Powdery mildew produces white, dusty and powdery coatings on both sides of the leaves as well as stems and petioles. Often seen in late summer when the season for cucumbers is nicely progressing.

Mildew usually develops first on any older and lower leaves and indeed on older or fruit bearing plants. The infected leaves die sooner than they should. The fruit can also be affected but is not as common.  This pathogen only survives on a living plant and not on any crop debris. It will grow on curcubits generally and on some surrounding weeds. The disease occurs any time of the year. The spores are highly viable and are borne by the wind, remaining viable for up to eight days. Unfortunately the mildew grows on plants  under glass. Growing resistant cultivars, good cultivation and after care with plenty of water minimises the problem.

Plants are vulnerable to slugs and snails so look for damage and treat using your preferred method of choice. They are of greatest danger in young plants or when the weather is wet and the ground on which fruit is growing is accessible. 

Foot and root rots of Phytophera spp. produce collapsing plants – just remove if this is evident. Cucumber Mosaic Virus (CMV) causes leaves to turn yellow and become mottled and distorted too. The plant collapses soon afterwards. Remove all affected plants but there are some reliable resistant cultivars about.

Red spider mites and aphids cause damage in the summer. Red spider mite is always a problem in greenhouses as it loves dry conditions so keeping the humidity high reduces an attack and biological controls are available. Spider mites cause discolouration and yellowing of the leaves. Best discouraged by misting the leaves regularly in the morning or evening during the summer. Aphids spread disease like CMV. Spray if necessary.

Purchase your Cucumber seeds here

Cucumber Varieties To Grow

cv. ‘Burpless Tasty Green’ F1 – a prolific, producing good quality 23cm (9in.) fruits. Great tolerance to mildew. Purchase seeds from Sutton Seeds.

cv. Bush Champion (ridge) (H2) 1995. High yielding cucumber, bush variety producing short, dark green fruits. Nicky’s Nursery T:01843 600 972

cv. Byblos (H1c) 2009 Early and reliable cropping. Smooth-skinned, dark green fruits with good flavour. Suttons 0844 326 2200

cv. Carmen F1. (H1c) 2002 An indoor variety with superb resistance to powdery mildew and scab, ‘Carmen’ is often the choice of top exhibition growers. It’s an outstanding all-female strain and produces an abundance of straight, large dark green fruits which can grow up to 40cm/16in. long. Ideal for slicing. Buy from Seaspringseeds T: 01308 897 898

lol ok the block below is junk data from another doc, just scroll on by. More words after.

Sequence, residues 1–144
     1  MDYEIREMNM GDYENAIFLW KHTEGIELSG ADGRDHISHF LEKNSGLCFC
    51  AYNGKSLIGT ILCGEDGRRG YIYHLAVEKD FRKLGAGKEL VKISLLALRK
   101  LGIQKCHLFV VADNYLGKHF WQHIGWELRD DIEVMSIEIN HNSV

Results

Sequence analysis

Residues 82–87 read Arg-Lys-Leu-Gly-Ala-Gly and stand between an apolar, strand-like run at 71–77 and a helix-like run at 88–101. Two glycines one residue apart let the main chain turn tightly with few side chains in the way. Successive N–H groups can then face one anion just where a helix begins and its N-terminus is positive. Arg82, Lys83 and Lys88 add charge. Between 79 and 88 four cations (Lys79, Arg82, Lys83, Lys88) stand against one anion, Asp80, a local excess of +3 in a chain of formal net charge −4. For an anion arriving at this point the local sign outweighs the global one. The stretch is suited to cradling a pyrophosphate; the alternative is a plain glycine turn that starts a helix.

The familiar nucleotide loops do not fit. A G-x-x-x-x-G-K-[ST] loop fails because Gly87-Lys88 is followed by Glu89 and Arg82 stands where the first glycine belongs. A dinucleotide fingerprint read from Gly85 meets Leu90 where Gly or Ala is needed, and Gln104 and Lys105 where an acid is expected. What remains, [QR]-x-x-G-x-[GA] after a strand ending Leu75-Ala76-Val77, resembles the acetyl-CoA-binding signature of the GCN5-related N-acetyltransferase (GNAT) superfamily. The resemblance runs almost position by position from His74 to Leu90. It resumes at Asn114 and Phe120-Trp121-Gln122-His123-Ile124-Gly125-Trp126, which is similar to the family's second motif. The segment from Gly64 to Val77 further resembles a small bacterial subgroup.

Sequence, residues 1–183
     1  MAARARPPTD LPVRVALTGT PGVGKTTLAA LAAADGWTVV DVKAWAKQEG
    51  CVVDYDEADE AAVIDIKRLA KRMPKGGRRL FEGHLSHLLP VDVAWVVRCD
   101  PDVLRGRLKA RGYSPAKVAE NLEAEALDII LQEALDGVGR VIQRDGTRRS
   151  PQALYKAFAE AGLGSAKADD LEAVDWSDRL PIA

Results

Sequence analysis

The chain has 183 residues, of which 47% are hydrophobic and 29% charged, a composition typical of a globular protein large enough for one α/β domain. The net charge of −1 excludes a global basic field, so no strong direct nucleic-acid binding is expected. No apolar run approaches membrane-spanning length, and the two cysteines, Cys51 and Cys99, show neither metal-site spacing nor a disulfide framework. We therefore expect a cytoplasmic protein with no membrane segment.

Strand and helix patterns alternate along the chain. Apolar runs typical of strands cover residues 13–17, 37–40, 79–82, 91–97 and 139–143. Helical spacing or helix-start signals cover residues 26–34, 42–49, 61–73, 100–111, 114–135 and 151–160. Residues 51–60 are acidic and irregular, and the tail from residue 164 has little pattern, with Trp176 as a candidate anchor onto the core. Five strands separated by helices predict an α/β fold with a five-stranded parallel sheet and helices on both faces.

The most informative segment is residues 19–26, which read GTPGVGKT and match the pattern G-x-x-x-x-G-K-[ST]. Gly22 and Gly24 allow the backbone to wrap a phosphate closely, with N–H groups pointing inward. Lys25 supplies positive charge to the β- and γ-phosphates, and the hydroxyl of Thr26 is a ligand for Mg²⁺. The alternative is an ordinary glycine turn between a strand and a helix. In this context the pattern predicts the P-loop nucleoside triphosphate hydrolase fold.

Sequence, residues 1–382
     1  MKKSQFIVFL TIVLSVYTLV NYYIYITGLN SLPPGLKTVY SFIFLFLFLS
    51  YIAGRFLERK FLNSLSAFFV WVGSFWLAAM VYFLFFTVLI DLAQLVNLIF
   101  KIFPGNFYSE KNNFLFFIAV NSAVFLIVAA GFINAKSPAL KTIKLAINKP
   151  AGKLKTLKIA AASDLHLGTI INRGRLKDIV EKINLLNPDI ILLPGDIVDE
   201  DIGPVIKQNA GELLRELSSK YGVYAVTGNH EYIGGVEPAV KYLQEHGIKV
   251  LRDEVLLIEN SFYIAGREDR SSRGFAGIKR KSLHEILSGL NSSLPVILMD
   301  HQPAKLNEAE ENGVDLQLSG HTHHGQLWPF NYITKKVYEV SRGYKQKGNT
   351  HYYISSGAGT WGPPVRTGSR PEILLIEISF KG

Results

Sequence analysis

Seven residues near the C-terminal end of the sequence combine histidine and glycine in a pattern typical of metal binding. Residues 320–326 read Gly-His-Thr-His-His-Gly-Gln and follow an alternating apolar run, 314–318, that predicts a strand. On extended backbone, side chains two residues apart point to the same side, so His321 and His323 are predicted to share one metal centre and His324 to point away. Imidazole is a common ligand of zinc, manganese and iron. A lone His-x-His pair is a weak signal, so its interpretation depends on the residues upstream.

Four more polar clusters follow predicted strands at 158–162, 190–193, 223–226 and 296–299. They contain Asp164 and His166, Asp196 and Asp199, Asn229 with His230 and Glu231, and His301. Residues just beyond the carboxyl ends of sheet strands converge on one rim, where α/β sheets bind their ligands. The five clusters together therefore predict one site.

cv. Cucino (H1c) 2009  prolific producer of smooth, mini fruits. Grown in greenhouse or a sheltered location outdoors. Victoriana Nursery. T: 01233 740 529

cv. Emilie (H1c) 2009. Highly productive, almost entirely female plants with flavoursome, dark green fruits. Johnsons seeds: 0333 321 3103

cv. Marketmore 76. (ridge) (H2) 1995 A ridge cucumber for outdoor growing with great flavour which is an ideal type for slicing with dark green 20cm or 8 inch long fruits. These are strong plants with good disease resistance especially to mildew but make sure not to remove the male flowers. Reliable producer and one of the best to be honest. Produces plenty of stout fruit. Marshalls Seeds T: 0844 557 6700

cv. Mini Munch (H1c) 2009 Heavy cropping cucumber producing an abundance of small fruits. Kings Seeds T: 01376 570 000

cv. Patio Snacker F1. A high-yielding variety suitable for growing in large containers with the support of some trellis or canes. The dark green fruits are around 15-20cm (6-8in.) long and have great flavour. Can be grown indoors or our for a summer-long harvest.

cv. Prima Top (H2) 2001 Produces high yields of medium-length, dark green fruits. Remains fairly compact. Suttons T: 0844 326 2200

cv. Socrates F1. (H1c) 2009. Smooth mini-cucumbers are great for smaller households. A vigorous, fast=growing high-yielding all-female strain for the greenhouse or polytunnel. Very good flavour. Buy from Plants of Distinction 01449 721 720

cv. Tiffany (H1c) 2009 Produces a uniform crop of slightly ribbed, dark green fruits. Thompson & Morgan T: 0844 573 1818